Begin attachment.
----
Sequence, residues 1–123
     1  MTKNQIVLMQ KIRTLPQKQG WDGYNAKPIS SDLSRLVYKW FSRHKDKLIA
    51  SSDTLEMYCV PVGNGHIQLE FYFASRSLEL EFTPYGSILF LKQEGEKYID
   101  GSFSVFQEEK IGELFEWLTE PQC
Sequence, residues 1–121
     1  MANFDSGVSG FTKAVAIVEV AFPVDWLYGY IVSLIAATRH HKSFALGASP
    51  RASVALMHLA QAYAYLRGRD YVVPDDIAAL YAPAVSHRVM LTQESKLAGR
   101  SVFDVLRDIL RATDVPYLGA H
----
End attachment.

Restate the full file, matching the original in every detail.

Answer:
Sequence, residues 1–123
     1  MTKNQIVLMQ KIRTLPQKQG WDGYNAKPIS SDLSRLVYKW FSRHKDKLIA
    51  SSDTLEMYCV PVGNGHIQLE FYFASRSLEL EFTPYGSILF LKQEGEKYID
   101  GSFSVFQEEK IGELFEWLTE PQC
Sequence, residues 1–121
     1  MANFDSGVSG FTKAVAIVEV AFPVDWLYGY IVSLIAATRH HKSFALGASP
    51  RASVALMHLA QAYAYLRGRD YVVPDDIAAL YAPAVSHRVM LTQESKLAGR
   101  SVFDVLRDIL RATDVPYLGA H